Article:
The weather is getting chilly, and in between working and boxing, I’ve been doing a lot of snuggling with Bobby the dog… and also thinking about hot chocolate (with marshmallows, of course).
I hope you’re keeping warm too.
There’s something very comforting about spending time at home, wrapped in blankets, watching TV and reading.
I’ve also been rediscovering photo albums that have been gathering dust in a cupboard. Looking back over years gone by, being transported back into happy moments in time, and reliving the emotions and experiences all over again.
As I sat on the floor of the snug, surrounded by albums, photo books and random flyaway photos … it struck me.
Something is missing.
Amongst the hundreds of photos of my family, my kid, my husband, and approximately 4532 photos of Bobby the dog, I hardly make an appearance.
To say I’m not keen on having my photo taken is a massive understatement.
In group photos, I shield myself behind a strategic tall person, and sometimes even duck down completely just as the photo is taken. Say cheese! More like … say, hide!
When we’re with friends and someone suggests we take a picture, I’ll pipe up, “I’ll take it! Everyone get into position. Smile!” Turns out, when photo fear takes over, I discover a bossiness I didn’t know I possessed.
Being behind the camera is so much more comfortable than being in front of it.
But the thing is, photography isn’t actually a method of torture.
These pictures chronicle our lives and experiences, record people we love, and help us remember perfect moments in time.
When we hide behind a random tall guy, we avoid being part of those memories. It’s as if we weren’t there at all.
Not wishing to sound dramatic, but it’s like we’re erasing ourselves from history. (Like that scene in Back to the Future).
It turns out we are not alone.
A few years ago, when Australian mum Evie Farrell realised that out of the thousands of photos on her phone she was more or less absent, she launched a campaign to get more mums into photos.
At this point of polished perfection, filters, injectibles, surgery and inch thick makeup, the pressure is on us to be perfect. And if you don’t feel totally fabulous about the way you look, it’s tempting to hide away completely.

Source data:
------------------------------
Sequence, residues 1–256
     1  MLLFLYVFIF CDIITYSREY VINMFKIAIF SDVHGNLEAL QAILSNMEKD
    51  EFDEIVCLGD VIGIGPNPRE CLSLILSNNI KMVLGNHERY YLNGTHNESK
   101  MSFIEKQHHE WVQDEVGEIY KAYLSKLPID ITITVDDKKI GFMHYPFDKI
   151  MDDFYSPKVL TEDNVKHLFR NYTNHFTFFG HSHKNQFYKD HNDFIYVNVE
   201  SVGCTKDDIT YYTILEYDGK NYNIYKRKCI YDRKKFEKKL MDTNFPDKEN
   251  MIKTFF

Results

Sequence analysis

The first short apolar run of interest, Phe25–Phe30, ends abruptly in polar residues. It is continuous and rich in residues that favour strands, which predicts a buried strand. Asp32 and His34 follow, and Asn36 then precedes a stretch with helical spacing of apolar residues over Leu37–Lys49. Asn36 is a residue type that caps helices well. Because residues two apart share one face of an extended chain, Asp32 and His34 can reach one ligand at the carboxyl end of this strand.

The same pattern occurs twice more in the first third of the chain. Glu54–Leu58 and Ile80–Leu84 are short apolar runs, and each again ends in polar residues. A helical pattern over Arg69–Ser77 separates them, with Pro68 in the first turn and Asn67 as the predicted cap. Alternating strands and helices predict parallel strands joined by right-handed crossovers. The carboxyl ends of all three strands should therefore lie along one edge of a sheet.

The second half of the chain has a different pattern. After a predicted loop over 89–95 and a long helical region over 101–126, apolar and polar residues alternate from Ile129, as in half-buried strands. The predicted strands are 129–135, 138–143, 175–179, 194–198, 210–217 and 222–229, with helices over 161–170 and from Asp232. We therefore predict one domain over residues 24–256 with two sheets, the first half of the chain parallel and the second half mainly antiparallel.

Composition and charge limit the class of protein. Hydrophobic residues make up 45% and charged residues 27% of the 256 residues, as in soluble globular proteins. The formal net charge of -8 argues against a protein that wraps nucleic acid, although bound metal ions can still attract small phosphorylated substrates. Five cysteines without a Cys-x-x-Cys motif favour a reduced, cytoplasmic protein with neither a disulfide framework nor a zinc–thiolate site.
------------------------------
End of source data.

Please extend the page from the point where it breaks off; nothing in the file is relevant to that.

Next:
I get it!
On holiday this summer, every corner, tree, or bench was turned into an Instagram opportunity. On more than one occasion, I was witness to some very uncomfortable-looking posing, body contortions, and pouting.
Even witnessing this scenario made me feel all kinds of awkward, and shuffle past at speed, eyes averted.
It all seemed so extreme. All that effort and discomfort, just for a photo.
There has to be a happy medium. Somewhere between pouting and hiding.
Photos are meant to capture memories, in all their messy glory. The unruliness of life.
Because, when I’m 90 I shall definitely spend my days in my rocking chair flicking through old photo albums.. (or maybe some new-fangled piece of virtual reality tech… gosh I do hope we still have rocking chairs in the future!)
And in those photos, I will definitely want to see my friends and family and all the people I loved.
But, I also know I will want to see myself. I’ll want to see my crazy hair, flushed cheeks, and big smile. I’ll want to see my body doing things I can’t do anymore. I’ll want to see myself experiencing things, feeling things, having fun, and living a big life.
So, whether you’re taking a selfie when you’re out and about, or someone else is doing the business it doesn’t matter. Filters or no filters. It doesn’t matter.
The important thing is to put yourself in the picture. To be visible. Because you matter.
You’ll look back on this moment when you’re old, slightly bonkers, and really rather wrinkly, and remember how fantastic you are.